There are a lot of XML tools and workflows out there, but they either fall into the “you better really know what you’re doing” camp of editors designed for programmers or they fall into the enterprise camp where it takes a lot of resources to set up a system, create custom/proprietary transforms, maintain the system, etc. Many small to medium sized companies don’t have the in-house expertise to build and maintain such systems. MadCap Flare is designed to fill that gap in between. Will MadCap Flare create XML files – yes, but the author doesn’t have to even realize this. Will MadCap Flare provide transforms to repurpose this XML content into other useful formats – yes, but the author doesn’t need to know what the term transform means, let alone have to know how to write one. MadCap Flare will be an affordable, shrink-wrap, turn-key solution.

Thus, we have a Goldilocks approach to XML tools: too small (for programmers and XML data), too big (scary enterprise tools), and just right (Flare). This misses a critical distinction. XML is a file format that provides a vendor-neutral way of exchanging content. In addition, XML’s file format supports structured authoring, in which you define a set of rules for your document and then enforce them. If you want to implement structured authoring for your organization, your authoring tool must support the definition and enforcement of your document rules. This is usually done with a document type definition (DTD) or schema file.

To provide structured authoring support, a tool needs the at least the following basic features:

  • Lets you create structure rules
  • Enforces structure rules in your documents (validation)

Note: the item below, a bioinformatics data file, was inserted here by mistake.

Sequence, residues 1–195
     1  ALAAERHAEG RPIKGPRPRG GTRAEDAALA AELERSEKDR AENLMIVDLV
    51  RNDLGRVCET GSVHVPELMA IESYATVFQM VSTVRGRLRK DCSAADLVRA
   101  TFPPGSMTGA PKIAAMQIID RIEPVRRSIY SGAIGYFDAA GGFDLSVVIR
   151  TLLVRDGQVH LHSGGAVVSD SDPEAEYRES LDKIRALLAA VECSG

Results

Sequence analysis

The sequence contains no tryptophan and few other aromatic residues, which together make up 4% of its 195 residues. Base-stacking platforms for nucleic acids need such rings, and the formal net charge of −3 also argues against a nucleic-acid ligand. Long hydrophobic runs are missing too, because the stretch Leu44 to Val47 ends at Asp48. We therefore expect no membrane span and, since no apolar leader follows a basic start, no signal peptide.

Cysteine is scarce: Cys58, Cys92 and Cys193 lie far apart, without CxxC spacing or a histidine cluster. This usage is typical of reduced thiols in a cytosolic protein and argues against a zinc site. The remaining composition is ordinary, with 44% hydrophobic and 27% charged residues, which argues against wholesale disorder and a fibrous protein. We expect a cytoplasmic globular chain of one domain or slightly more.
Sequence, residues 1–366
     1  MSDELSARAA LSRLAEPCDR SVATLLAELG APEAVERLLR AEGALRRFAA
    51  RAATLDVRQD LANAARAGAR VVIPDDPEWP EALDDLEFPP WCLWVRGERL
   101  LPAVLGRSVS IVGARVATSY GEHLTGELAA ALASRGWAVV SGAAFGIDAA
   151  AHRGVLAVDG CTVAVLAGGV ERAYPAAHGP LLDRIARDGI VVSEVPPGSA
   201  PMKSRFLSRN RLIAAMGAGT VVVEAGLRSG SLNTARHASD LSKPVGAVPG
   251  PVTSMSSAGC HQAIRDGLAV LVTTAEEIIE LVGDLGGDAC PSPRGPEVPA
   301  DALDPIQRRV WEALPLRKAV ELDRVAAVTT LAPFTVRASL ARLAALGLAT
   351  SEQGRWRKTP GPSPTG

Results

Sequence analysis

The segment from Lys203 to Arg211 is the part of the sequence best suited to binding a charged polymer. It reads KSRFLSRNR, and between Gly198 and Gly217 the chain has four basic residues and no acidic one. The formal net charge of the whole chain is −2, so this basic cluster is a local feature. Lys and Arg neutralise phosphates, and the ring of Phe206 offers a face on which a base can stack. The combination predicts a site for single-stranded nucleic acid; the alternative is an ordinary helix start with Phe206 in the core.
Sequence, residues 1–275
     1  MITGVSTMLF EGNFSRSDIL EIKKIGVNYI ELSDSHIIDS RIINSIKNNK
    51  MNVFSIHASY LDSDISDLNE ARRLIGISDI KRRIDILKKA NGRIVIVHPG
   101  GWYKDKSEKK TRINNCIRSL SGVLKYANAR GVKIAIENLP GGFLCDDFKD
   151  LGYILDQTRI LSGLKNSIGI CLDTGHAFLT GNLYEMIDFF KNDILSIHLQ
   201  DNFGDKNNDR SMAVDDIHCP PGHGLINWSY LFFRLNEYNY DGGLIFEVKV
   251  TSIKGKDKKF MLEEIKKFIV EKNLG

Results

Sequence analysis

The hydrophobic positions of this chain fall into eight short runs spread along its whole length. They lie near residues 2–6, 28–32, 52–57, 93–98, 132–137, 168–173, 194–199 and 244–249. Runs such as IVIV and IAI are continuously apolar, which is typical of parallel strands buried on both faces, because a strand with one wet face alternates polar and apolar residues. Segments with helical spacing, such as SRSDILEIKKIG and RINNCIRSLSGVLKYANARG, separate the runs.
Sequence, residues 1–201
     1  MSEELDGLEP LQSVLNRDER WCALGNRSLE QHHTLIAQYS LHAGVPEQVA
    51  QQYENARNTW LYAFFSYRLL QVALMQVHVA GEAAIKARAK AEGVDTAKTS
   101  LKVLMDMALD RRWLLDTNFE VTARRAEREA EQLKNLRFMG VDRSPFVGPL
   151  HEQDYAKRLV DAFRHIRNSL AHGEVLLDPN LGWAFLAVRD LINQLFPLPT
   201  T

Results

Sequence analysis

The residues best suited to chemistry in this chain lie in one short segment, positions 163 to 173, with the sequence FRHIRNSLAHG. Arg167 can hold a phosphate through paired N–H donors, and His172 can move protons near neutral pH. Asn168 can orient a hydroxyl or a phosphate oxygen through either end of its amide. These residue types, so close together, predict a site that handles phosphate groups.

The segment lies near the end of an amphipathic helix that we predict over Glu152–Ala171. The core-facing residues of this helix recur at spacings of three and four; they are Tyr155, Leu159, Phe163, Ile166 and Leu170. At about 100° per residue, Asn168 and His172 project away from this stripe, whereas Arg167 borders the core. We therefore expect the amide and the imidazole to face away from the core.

• Lets you define and supply metadata for the document components

Flare will provide XML support, which means that it should be relatively easy to extract information from Flare for repurposing elsewhere. But I haven’t seen anything that indicates that Flare will support structured authoring.

For more on structured authoring, see our XML and Structured Authoring white paper (free, but registration required)

(Interview found at Keith Soltys’ Core Dump)

DocFrame case study

Sarah O'Keefe / ConferencesLeave a Comment

At the STC conference in Seattle, there was a case study session on our DocFrame solution delivered by Vici Koster-Lenhardt of Coca-Cola and Michael Plattner of ITL.

A PowerPoint file with their slides is available here.

If you’re considering structure implementation, and want to do it fast, this is worth a look.

Nobody likes product activation…

Sarah O'Keefe / OpinionLeave a Comment

But then you read stuff like this recent gem on the wwp-users list:

Date: Mon, 09 May 2005 17:06:02 -0000
Subject: Help!!!
Hello everybody,
I signed in this gropu 1 month ago because I needed to do my report
intership about framemaker and webworks.
Obviously I cant buy the software because it is very expensive for me